Supper is over. Dishes are done. Gather ’round the radio in your comfy pjs. It’s time to relax with the family and listen to some music.
Last Wednesday evening, Lost Radio Rounders transported the Crandall Public Library audience back in time to enjoy the classic Americana music of Woody Guthrie, the Carter Family, Leadbelly and others.
Michael Eck and Tom Lindsay have teamed up to make music in several incarnations over the years and are now performing together as Lost Radio Rounders. Their mission is to entertain and also educate their audience to the music from different historical eras – from the time of President Abraham Lincoln through the Big Depression years and a little bit beyond.
Eck is well known to regional audiences for his membership in Ramblin Jug Stompers; his music critiques in The Times Union; and as a warm-voiced radio host. Lindsay teaches music history in a high school, works as a live recording engineer and as a photographer. Their knowledge, love and passion for old-time American music is evident in every part of their performance. It’s important to note that the Godfather of folk and traditional music, Pete Seeger, once gave them his sincerest thanks for keeping the tradition of old American ballads alive.
At the Glen Falls library Lost Radio Rounders used a variety of musical instruments to authentically perform these songs. Eck featured his resonator guitar – a pre-electric guitar with a metal soundboard used to increase the volume and power of the instrument’s sound – on some old blues and a few union songs. He switched to a mandolin for the sweet strains of “Beautiful Dreamer” and kept the rhythm going with his six-stringed acoustic guitar on “On the Wings of a Dove.”
At one point, as he was setting down his ukulele to pick up his dobro, he joked with audience to be wary of a band with so many instruments, “It usually means the musicians don’t really know how to play any of them well.” But that was certainly not the case here.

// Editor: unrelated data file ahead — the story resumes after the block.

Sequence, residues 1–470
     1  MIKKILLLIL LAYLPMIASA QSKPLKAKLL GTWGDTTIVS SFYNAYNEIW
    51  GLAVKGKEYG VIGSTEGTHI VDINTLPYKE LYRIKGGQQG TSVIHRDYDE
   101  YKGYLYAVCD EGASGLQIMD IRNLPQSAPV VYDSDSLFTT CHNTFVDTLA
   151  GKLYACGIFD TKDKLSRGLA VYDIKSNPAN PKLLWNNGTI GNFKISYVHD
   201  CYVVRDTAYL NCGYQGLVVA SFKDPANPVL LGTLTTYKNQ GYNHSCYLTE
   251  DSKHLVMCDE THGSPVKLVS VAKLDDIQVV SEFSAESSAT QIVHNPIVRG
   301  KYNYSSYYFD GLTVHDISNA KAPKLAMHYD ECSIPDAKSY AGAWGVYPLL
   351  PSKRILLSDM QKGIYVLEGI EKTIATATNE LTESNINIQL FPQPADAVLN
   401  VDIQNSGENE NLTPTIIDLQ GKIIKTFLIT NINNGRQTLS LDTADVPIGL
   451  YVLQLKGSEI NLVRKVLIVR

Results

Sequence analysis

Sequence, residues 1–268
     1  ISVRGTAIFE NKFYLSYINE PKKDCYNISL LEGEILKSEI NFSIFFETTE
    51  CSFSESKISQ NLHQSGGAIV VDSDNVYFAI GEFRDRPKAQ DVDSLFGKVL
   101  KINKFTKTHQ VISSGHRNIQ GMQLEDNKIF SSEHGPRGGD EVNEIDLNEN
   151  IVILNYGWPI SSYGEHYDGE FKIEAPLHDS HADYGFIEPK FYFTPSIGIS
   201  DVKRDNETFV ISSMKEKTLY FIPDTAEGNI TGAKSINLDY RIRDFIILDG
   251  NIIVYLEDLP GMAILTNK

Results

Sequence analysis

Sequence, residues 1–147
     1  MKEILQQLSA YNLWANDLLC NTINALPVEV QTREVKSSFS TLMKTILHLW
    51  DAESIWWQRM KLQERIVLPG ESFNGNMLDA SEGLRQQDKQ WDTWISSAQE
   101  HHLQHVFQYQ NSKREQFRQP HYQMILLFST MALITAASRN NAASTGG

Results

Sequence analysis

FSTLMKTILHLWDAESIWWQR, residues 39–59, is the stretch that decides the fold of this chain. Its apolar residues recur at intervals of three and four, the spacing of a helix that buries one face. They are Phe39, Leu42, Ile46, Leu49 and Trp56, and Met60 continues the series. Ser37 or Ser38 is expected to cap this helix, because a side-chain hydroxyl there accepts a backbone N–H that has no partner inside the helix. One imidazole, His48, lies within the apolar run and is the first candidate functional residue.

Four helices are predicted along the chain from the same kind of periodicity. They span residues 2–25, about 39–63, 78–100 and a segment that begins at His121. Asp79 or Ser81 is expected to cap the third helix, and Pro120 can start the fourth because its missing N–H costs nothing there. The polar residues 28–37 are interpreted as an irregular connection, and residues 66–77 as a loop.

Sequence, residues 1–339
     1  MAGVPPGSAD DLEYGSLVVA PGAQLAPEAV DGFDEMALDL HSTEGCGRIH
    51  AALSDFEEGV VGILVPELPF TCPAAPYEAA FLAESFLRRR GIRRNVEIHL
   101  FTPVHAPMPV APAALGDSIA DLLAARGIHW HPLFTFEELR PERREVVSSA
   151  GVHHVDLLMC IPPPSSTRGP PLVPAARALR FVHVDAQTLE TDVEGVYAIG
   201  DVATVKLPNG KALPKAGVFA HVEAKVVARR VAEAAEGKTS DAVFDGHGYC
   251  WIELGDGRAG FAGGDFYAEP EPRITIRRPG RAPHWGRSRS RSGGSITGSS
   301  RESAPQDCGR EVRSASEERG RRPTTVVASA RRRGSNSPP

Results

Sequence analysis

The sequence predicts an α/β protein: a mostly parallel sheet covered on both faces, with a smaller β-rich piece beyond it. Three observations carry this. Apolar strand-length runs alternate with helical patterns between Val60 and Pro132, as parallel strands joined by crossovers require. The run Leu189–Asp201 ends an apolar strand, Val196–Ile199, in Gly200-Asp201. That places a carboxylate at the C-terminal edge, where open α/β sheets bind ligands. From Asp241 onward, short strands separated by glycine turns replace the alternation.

Meanwhile, Lindsay provided strong lead vocals and played both six- and twelve-string guitar, as well as banjo. He also quite effectively used a McNally Strumstick – a variation on the Appalachian dulcimer – on “My Old Kentucky Home.”
The rich variety of music performed by these two talented troubadours kept the 75-member audience’s radio dial tuned in to Lost Radio Rounders. Old-time Stephen Foster parlor songs flowed into wonderful train songs (“Jay Gould’s Daughter” and “Freight Train”) by way of a cautionary tale (“Didn’t Hear Nobody Pray”) and a liar song (“One Little Song a Crow Told to Me”). One particular stand-out tune was their a cappella version of “Sheep, Sheep Don’t You Know the Road?,” which added a delicate touch and tone to the program.
Lost Radio Rounders have released three CDs: “Gospel Train,” “Museum Piece” and the brand new “Acoustic Roadshow,” a live performance recently recorded in Gloversville.
A big thanks go to Bruce Cole and the Friends of Crandall Public Library for presenting this performance.
Review by Cheryl Jenks
Photographs by Andrzej Pilarczyk
LOST RADIO ROUNDERS SET LIST
There’s a Higher Power
The Man Who Rode the Mule Around the World
Never Grow Old
Go Down Moses
Keep Your Lamps Trimmed and Burning
So Long It’s Been Good to Know Ya
My Old Kentucky Home
On the Wings of a Dove
Wreck on the Highway
Sheep, Sheep Don’t You Know the Road?
The Gospel Plow
I Ride an Old Paint
Jay Gould’s Daughter
Oh Lord, How Happy I Am
Oh Glory, How Happy I Am